Conclusion

As you can see, the snippet is quite simple but it helps me get the responsive image HTML code on WordPress. Next time you find yourself enter image code manually, stop and use this code instead.

Why Your WordPress Site is not Responsive? Two Possible Culprits

Recently, I as fed up with my theme and I decided to make my own theme to optimize for page loading speed. And indeed, my performance score went from 70-ish to 100. However, after a few days, I received report from Google Search Console that some of my pages are not responsive.

I checked every items in my common responsive check list, including:

  1. Content must not be wider than its parent
  2. Max images’ width is 100%
  3. Columns collapse on to fit 100% width on small screen

After spending almost 3 hours in front of my screen, I figured out two culprits that made some of my post not responsive. This may not be applicable to you but it’s worth a try if you don’t know what’s the cause.

Figure element with a fixed width that caused page not responsive

The first problem I found is I have my image wrapped inside a figure tag. At first, I don’t understand why WordPress does this on some of my images and doesn’t on other. It turned out if your images have caption, they will be wrapped in a figure tag with a fixed width.

You can remove the width attribute of the figure element to fix the problem.

If your page is still not responsive, removing the caption solves the problem instantly.

Code highlighter could be problematic too

If you are using code highlighter like what I have on my site, you could be the next victim of long line of code. Normally, code highlighters have no problem with short string (variable, function name…). However, if you code contains long string such as long function name or long file path, your content could be much wider than it should be.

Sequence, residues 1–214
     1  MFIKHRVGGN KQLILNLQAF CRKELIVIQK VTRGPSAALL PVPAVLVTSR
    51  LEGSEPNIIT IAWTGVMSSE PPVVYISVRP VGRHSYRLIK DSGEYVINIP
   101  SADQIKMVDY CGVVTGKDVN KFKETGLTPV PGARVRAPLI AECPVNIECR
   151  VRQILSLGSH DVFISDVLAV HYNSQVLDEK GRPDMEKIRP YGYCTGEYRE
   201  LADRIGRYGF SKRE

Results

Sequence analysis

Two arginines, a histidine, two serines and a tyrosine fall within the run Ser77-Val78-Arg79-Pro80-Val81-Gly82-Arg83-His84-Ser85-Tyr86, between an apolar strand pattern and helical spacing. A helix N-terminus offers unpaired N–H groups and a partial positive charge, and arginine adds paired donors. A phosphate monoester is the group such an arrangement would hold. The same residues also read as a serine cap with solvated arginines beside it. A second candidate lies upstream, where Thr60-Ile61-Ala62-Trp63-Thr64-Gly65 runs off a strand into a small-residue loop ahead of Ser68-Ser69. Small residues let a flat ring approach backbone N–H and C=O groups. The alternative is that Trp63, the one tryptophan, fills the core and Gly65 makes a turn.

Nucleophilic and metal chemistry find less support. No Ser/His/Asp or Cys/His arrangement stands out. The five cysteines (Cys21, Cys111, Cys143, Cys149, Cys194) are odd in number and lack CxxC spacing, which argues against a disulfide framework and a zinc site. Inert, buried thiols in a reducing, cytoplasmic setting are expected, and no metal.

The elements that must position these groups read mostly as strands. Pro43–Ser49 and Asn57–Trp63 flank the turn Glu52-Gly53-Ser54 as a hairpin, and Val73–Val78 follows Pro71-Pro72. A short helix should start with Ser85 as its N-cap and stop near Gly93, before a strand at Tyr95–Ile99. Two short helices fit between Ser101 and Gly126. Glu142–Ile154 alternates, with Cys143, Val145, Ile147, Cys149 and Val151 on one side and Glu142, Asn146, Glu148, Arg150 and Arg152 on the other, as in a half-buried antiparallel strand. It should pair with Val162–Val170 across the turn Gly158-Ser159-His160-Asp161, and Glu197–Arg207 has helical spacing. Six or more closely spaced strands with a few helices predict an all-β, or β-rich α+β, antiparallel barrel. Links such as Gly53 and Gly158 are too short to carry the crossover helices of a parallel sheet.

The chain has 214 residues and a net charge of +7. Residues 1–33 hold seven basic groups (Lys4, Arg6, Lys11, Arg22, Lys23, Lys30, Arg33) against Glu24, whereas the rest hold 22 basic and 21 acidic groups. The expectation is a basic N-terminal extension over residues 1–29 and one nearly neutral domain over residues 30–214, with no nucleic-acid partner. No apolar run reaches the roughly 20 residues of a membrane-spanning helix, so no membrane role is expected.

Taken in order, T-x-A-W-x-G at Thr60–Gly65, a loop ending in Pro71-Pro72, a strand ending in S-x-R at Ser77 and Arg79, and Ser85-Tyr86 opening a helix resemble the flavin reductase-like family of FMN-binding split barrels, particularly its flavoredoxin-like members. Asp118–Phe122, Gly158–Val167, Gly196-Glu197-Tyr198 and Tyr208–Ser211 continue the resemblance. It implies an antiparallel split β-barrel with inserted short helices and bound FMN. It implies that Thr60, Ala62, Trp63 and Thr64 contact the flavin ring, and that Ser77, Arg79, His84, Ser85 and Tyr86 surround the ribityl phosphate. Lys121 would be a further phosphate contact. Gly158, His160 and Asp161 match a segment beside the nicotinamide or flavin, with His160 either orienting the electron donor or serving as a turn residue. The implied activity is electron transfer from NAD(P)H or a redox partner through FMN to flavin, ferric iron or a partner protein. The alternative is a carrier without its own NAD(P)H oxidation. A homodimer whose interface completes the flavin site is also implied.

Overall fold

What’s the fix? Add this rule to Additional CSS (Under Appearance -> Customize)

article {
    word-break: break-word;
}

 

This code tells the browser to break long words in to multiple lines. Save the changes and check your site again (make sure to clear your cache).

If your site is responsive now, it’s great. If it isn’t, please let me know in the comment below. There maybe other factors that cause your problem.

Conclusion

By no mean this is an exhaustive list of fix for site not responsive. However, these are the new problems I have encountered. Hopefully, the tips in this post is useful to you.

How To Disable WordPress Theme, Plugin File Editing In One Minute

Being able to edit plugins and theme file is a real convenience, especially for people who know how to code. However, for people who don’t know how to code or don’t understand much about WordPress development, this is a possible risk.

By default, admin users in WordPress have file editing right. You can check if you have the edit right by hovering your cursor over Plugins or Appearance menu item in your dashboard (if you don’t see such options, chances are you don’t have the file editing right). If you see the last item in the sub menus say “plugin editor” or “theme editor”, you have the file editing right.